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SCM || GROUP 1 || LEGO Case

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Shobhit Saxena

on 15 September 2013

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Transcript of SCM || GROUP 1 || LEGO Case

Abhishek Chaudhary M004
Ejaru Sagar M016
Sandhya Negi M030
Shobhit Saxena M035
Swati Shalini Kujur M043
LEGO: An Outsourcing Journey
LEGO: Only the best is Good Enough
Founded in 1932 by Ole Kirk Christiansen
Vision: Inspire children to explore and challenge their own creative potential
Motto: Only the best is Good Enough
5th Largest Toy Manufacturer in 2009
LEGO: Building a Giant
Loss of confidence in core product
Too much diversification- confused customer
Too many suppliers- 11000 suppliers

“We have been pursuing a strategy which was based on growth, increase in market shares and growth by focusing on totally new products. This strategy did not give expected results.”
- Kjeld Kirk Kristiansen, former CEO
Cause of Internal Crisis
Packaging Products & Services
2B pack

Electronics & Plastics Manufacturing
Strategic Move to Large Subcontractors
Outsourcing Journey
Internal Crisis
LEGO: Only the best is Good Enough
Financial Condition: 2009
In 2009, LEGO had:
7000 employees
Revenue: DKK 11.7 B
Net Profit: DKK 2.2B
5th-largest toy manufacturer
Offers products in more than 130 countries
4.8% market share
Market-wise Revenue contribution (2007)
Product Lines
Internal Crisis: 2003-04
-Sales decreased by 40%
-Accumulated Loss of DKK 1.8 Billion (2004)
-Shifted focus from core product while facing dynamic competitive market
2004- new CEO appointed
Became aware of inflexible supply chain undermining business platform
“Shared Vision”
Be the best at creating value for our customers
Refocus on value we offer customers
Increase operational excellence
Divested Theme Parks
Changes Due to Crisis
Multinational Electronics Manufacturing Service (EMS)
30 Billion in Sales 2012
Based in Singapore
160,000 Employees
Operates in 30 countries
Flextronics as the Solution
Outsource finalized in 2006

Key factors in outsource decision:
Economies of Scale
Locked in Pricing
Targeted 80/20 outsource/in-house structure
Optimization of LEGO’s global supply chain
Unforeseen Complexities
Production Inefficiencies
Cyclical production demand
Varying Product Lifespan

2008 LEGO phased out cooperation with Flextronics
Unforeseen Complexities
Outsourcing Journey
After Flextronics
Took over control of factories used by Flextronics
Opened new site in Monterrey, Mexico in 2009
“Not satisfied with the effectiveness in the outsourced facilities.”—Jorgen vin Knudstorp
Took too much time to teach people what Lego expected
“We have learned that even though everything points at outsourcing, it might still not be the best solution.” - —
Niels Duedahl
LEGO learned more about its own process and structures
“More special than we expected to be.”— -
Needed to spend more time on integral production process
Importance standardization & documentation
Even when everyone knew exactly what to do
especially for off-shore operations
Too many products resulted in high cost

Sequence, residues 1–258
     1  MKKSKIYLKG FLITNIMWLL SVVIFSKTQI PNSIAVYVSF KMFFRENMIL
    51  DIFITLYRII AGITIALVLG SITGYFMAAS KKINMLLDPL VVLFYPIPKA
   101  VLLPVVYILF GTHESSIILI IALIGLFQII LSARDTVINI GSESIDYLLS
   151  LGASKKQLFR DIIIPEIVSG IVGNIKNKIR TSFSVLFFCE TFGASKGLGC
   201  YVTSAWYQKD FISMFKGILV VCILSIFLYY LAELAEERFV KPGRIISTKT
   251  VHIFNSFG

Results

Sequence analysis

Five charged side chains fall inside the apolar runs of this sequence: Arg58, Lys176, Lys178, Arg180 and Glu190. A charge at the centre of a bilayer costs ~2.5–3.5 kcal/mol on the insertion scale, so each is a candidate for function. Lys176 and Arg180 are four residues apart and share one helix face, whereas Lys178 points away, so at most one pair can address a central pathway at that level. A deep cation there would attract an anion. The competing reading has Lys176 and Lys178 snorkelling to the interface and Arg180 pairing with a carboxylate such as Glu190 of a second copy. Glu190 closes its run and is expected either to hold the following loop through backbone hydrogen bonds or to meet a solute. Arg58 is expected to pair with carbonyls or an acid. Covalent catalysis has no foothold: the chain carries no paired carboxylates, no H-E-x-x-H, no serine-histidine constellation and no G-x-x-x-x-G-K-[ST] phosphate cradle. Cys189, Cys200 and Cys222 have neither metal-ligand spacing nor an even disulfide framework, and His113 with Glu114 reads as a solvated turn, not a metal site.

Tackling the supply chain hurdle of handling - 11,000 suppliers & delivery to 130 countries
Lessons Learned
LEGO Success Criteria:
Build competencies
Develop plan for training and education
Have local leaders that know working culture of country
Ensure measurable statistic present for benchmark/KPI
Outsourcing seemed to be the answer, was unsuccessful for LEGO
New structure has proven to be very successful for LEGO group
Company Analysis
SWOT Analysis
Porter's 5 Forces
Lessons Learned
Sales & Operations Planning
Focus: sales, production, and product development
Need to standardize processes
24 billion bricks per year, standardization required.Example: Went from 16 different police officers to 4
70 percent “evergreen” bricks—used in more than one product
VRIO Framework


costly to Imitate?

Organized to capture value?
So what was the solution???
Why outsourcing FAILED?
Use of Forecasting Models
Time Series methods
Causal Forecasting Methods
Qualitative Methods
Phase Wise Analysis

Written Documentation
Documentation of all supply chain processes
Consistent through entire company
Provides clear communication lines
"Production in another country - even within the same company - requires ten times more documentation than in the company it moved from." 
Integration of Work Processes
S&OP - sales and operation planning
Integrates and coordinates all the production facilities roles and responsibilities
Standardization - Three Levels
Upper Level -  Way of thinking, values, attitudes
Middle Level - Planning processes, Follow up processes
Lower Level -Hardware and factory layout
Efficient factories with achievable goals
Branded factories switched to Regional Markets
Quicker Response to regional demand
Clear attainable goals with attainable benchmarks

ERP systems: multimodule software application platforms organize and manage enterprise-wide processes records every business transactions to tie together and automate processes
LEGO and its partners would be able integrate financial information and customer information
ERP would help to standardize and speed up manufacturing processes
Standardizing its products and facilities will allow LEGO to optimize a total cost advantage
ERP helps to reduce inventory and duplicate information - the partners will be able to consolidate data
ERP will improve LEGO's issues with demand fluctuations and forecasting errors by planning sales and operations processes
Full transcript